And thus the 5 peaks of the range have remained more or less untouched. In a recent visit, we took a hike for 5 hours in the southern part, and not a single car drove past, nor did we encounter a single other person. This was during peak tourist season in Utah, but the lack of infrastructure and presence of more prestigious wilderness areas nearby seemingly precludes any tourism there. The Henry mountains lack the more unique landforms expressed in the aforementioned national parks, and this disqualifies them from national park designation. And as Gilbert described, their economic value is near nil. Prehistoric peoples lived in the regions nearby to the mountains, but no significant archaeological remains have yet been found upon the mountains themselves. The Navajo people refer to the range as Dził Bizhiʼ Ádiní, literally meaning “mountain whose name is missing” [1].

So it seems like these mountains are nearly totally useless by the metrics with which we usually judge land value. Even I wouldn’t have been likely to visit if Gilbert hadn’t made them sound so tempting to geologists. But standing atop Mt Ellsworth, in the southern part of the range, not only were the vistas of the surrounding wild lands as stunning as any you could find anywhere around the world, but the sense of isolation really drove home the uniqueness of the experience.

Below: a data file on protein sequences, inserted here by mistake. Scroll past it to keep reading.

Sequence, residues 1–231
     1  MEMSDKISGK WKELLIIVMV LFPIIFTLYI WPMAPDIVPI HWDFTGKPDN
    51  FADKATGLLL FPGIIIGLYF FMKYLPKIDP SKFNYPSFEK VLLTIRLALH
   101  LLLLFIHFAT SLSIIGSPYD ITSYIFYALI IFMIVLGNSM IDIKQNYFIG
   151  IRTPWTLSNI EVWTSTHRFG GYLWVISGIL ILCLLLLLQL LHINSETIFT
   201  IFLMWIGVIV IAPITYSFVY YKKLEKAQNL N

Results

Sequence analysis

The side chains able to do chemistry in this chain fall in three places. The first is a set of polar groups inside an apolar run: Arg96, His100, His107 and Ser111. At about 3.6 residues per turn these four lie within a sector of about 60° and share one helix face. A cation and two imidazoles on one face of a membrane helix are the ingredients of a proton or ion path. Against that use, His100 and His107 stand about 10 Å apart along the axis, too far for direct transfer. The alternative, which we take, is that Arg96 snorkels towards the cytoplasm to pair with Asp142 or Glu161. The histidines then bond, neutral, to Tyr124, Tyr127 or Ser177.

And that’s what I find most interesting. The drive to find ever more interesting and diverse experiences is one of the defining factors of the modern era, and it has driven people to travel all over the world to seek out far flung locations. Our experiences define our lives, so we’re told, and I personally consider the diversity of experience to be an important factor in how I judge success in my own life. The national parks of Utah are rightly fêted for the wonder they instil in a visitor, but with the numbers of park visitors skyrocketting [2], one might be hard-pressed to experience them alone. Perhaps it’s selfish to seek out experiences that are unique to oneself; but if we were to treat experience as a commodity, then scarcity would no doubt increase its value.

Given that for most tourists and visitors, we don’t own the land we stand upon, but merely own the experience of standing there, perhaps we should consider the value inherent in useless places. Assigning value to places that we may otherwise deem to be worthless on the basis of our own subjective experience is perhaps an ironic inversion of postmodern thinking, but in an era that seems to be increasingly defined by relativism (‘alternative facts’) it was for me a unique joy to ignore any objective truth about a place and revel in the isolation and wilderness, which offered my own subjective paradise.

The author atop Mt Ellsworth – photo credit Laurence Pryer

[1] Linford, L. Navajo Places. History, Legend, Landscape. University of Utah Press. 2000